BOPIS - Buy Online, Pick-up In Store, or ISPU - In-Store Pick Up
These days, customers are demanding more and more flexibility and convenience around their fulfillment options. Both BOPIS and ISPU refer to when a customer makes a conversion online, but rather than selecting shipping options, they opt to pick the items up at the physical store. Again, because this type of buying pattern drives customers to a brick-and-mortar space, it’s essential for retailers to optimize the in-store experience by providing a highly personalized experience for the customer. In fact, according to some studies, nearly 70% of customers purchase additional items while they’re browsing in-store!
It’s no surprise that technology plays a huge part in properly implementing BOPIS. All aspects of the supply chain, order information, fulfillment, and inventory must automatically sync across both online and offline properties, so retailers will want to invest in a management solution that supports the ability to connect across a variety of custom touchpoints in real time. With BOPIS, keeping track of inventory can be an especially thorny challenge to tackle. Digitizing all physical in-store products might be one solution— RFID tags allow retailers to track inventory item by item, which means a retail associate will always know the who (the customer), the what (the order), and the where (where the customer will pick it up in-store).
BORIS - Buy Online, Return In Store
And last but not least, there’s good ol’ BORIS (nyet!). With BORIS, customers make an online purchase, have the item shipped to their home as per usual, then ultimately decide to return or exchange the item at a brick-and-mortar retail space. Since it takes the hassle out of return shipping, BORIS is an extremely convenient service for the customer, and is often considered a feature of a best-in-class customer care experience, which shoppers increasingly expect from retailers these days.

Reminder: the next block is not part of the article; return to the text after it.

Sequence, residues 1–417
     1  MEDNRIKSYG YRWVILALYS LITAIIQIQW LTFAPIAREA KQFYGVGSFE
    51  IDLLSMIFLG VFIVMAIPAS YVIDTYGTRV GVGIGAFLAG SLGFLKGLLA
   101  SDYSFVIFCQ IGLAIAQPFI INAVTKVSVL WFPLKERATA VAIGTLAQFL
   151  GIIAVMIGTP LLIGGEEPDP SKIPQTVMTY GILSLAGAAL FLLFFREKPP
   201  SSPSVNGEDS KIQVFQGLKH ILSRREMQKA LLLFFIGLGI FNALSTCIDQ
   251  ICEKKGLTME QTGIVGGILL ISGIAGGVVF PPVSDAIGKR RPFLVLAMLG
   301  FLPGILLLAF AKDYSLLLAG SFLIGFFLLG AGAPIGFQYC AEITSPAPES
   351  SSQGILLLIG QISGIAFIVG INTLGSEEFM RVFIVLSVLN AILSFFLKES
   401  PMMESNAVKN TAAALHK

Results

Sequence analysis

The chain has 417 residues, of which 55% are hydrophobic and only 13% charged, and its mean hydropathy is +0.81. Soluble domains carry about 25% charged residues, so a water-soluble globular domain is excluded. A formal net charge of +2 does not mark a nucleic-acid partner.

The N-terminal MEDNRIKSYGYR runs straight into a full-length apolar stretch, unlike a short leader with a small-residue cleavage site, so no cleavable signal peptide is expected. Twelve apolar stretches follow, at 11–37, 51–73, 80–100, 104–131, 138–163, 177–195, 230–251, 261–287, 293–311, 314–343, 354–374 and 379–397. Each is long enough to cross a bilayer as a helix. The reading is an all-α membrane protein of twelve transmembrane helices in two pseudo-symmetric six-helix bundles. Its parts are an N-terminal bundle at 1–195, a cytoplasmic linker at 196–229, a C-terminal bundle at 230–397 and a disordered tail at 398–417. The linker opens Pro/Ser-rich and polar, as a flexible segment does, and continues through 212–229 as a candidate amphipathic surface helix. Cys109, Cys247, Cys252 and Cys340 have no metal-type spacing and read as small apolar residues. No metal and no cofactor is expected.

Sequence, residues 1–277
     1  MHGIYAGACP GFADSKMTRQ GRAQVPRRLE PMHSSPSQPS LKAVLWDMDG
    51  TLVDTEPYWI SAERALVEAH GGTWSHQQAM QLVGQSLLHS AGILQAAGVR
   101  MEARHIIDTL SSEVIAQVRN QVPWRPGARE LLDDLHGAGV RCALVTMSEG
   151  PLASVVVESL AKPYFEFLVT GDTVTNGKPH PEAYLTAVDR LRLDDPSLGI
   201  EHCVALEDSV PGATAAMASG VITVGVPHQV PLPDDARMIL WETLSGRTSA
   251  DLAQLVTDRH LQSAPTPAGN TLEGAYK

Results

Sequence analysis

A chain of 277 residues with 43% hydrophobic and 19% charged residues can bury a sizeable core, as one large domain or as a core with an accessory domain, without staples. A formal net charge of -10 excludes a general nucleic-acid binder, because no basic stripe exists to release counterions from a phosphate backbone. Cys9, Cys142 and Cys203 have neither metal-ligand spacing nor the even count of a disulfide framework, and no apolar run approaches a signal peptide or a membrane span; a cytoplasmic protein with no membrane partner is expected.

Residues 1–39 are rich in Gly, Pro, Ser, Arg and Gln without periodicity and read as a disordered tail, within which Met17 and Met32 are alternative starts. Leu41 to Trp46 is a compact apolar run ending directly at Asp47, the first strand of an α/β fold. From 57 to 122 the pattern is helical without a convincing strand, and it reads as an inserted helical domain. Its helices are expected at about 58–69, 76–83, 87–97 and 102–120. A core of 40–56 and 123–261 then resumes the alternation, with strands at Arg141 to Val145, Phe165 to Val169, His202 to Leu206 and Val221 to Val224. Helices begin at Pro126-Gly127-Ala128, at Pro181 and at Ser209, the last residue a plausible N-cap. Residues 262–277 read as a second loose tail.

It sounds tricky to pull off, and it is. Returns are often considered the costly bane of ecommerce: It’s expensive to process returned items, in terms of both labor and time. Even more troublesome is the issue of inventory management. In order for BORIS to work out, online and offline supply chain systems must be fully integrated, providing all channels a single source of truth. If these channels are segmented, and there is no record of a particular SKU in one channel, then it won’t be possible to process a return if it’s being made in another. Retail associates must be able to access the original purchase data in order to honor pricing and avoid fraud.
It’s a buyer’s market
That’s about it for the alphabet soup, at least for now.
Remember: the customer experience is always changing. Every year, a new innovation gets added to the retail dictionary and changes the way customers shop. That, in turn, changes the way retailers sell. All of these omnichannel shopping behaviors require retailers to thoughtfully build out operations across online and offline channels.
That can be hard, time-consuming, and expensive, especially if your technology investments haven’t kept up with the changing retail landscape. But the benefits to your business—in increased sales, greater customer satisfaction and loyalty, and a clearer understanding of what your customers want—make it worth the effort.
Omnichannel isn’t just a buzzword, it’s an experience that’s here to stay. So stay up to date, stay flexible, and stay in sync. Now more than ever, customers are always right—especially when it comes to how and where they buy.
Editors' note: A version of this story was first published by TotalRetail.